Talking about the palliative care approach and importance of getting the right support at the end of life is just one of the many everyday tasks of the Serbian Community Association of Australia.
A small organisation with a big reach
Manager, Marina Celebic and Volunteer Coordinator, Biljana Trickovic, also team up to speak at local community groups such as the Serbian Women’s Group in Dandenong and the Serbian Pensioners groups in Keysborough and Carrum Downs. Early in December, Marina was interviewed about SCAA’s palliative support project by SBS Radio (Serbian program) which reaches an audience of over 2000 people in Victoria.
The project received 15 referrals in the first year, through self-referral, family, friends and through residential aged care providers. Clients diagnosed with chronic or terminal illness were matched with nine volunteers for weekly support visits.
Volunteers get the support they need
During the first year, the volunteers received fortnightly supervision, enabling timely debrief and an opportunity to alert the Coordinator to any problems. Feedback from the volunteers indicate they value this one-on-one time for reflection and improving skills.
Monthly training sessions were another way of building capacity: professional speakers were invited to deliver information on palliative care related topics. After each session, volunteers had an opportunity for discussion and feedback.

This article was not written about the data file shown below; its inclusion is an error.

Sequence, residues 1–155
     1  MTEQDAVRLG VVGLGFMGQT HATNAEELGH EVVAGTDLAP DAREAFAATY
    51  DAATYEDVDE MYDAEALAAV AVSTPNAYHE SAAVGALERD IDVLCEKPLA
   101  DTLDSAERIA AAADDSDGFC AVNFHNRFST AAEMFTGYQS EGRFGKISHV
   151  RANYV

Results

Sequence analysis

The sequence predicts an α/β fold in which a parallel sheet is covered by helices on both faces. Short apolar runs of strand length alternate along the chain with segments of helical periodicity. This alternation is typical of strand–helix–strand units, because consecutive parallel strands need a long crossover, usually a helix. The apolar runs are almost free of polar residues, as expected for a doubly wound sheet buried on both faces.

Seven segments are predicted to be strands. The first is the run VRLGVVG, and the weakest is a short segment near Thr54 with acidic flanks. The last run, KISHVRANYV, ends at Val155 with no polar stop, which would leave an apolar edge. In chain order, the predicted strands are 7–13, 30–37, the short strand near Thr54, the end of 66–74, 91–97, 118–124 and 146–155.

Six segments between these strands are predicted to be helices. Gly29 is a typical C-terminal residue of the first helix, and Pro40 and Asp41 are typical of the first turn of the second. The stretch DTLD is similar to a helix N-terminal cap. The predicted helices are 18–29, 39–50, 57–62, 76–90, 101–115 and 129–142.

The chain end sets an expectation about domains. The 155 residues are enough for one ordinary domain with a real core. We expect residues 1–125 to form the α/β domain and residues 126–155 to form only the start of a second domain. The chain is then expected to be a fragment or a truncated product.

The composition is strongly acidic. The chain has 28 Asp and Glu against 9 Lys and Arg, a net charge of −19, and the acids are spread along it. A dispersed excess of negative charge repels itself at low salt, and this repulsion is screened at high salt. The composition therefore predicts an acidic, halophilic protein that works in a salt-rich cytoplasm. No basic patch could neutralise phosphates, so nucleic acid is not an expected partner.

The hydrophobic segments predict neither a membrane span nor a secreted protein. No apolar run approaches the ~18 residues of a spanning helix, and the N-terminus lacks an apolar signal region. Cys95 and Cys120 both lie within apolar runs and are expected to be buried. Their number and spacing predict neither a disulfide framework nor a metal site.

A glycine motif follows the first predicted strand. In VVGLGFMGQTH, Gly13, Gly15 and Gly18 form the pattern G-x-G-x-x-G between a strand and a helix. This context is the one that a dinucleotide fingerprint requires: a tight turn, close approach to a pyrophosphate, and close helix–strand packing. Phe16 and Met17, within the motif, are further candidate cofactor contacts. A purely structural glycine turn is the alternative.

Making a difference for Serbians at end of life
“Volunteers and life style coordinators in aged care facilities have continually reported back to us of the great improvements in the life of the recipients. We hear that as a result of the visits many of the recipients are talking and laughing more often,” says Marina.
Biljana joins in, “In one of the aged care facilities, two volunteers organised a Serbian cultural day with traditional food, coffee and cake, alongside music. The palliative care patients visited by these two volunteers said they felt proud and cared for. This was a very emotional event for the residents and the volunteers.
For our clients who don’t speak English, help from volunteers is necessary to feel included and to participate as much as they can in such events. It is very beneficial, particularly for some who have progressive dementia.”
Networking with other health and welfare services is another focus of SCAA’s work. In the last six months, Marina and Biljana met with PRONIA (Greek Welfare), Carers Victoria, Mental Health Foundation Australia, CELAS and Co As It. In December 2019, they met with Kayla Locke, Coordinator- Palliative Care Social Support at Southern Migrant and Refugee Centre to discuss common areas of interest. They explored the possibility of regular networking with other organisations who deliver palliative support services in the South East region.
SCAA is one of the few ethno-specific organisations having a history of collaboration with Sri Lankan, Mauritian and Spanish Latin American groups in the south. Marina and Biljana hope to continue this strategic support role with aging minority ethnic groups in future.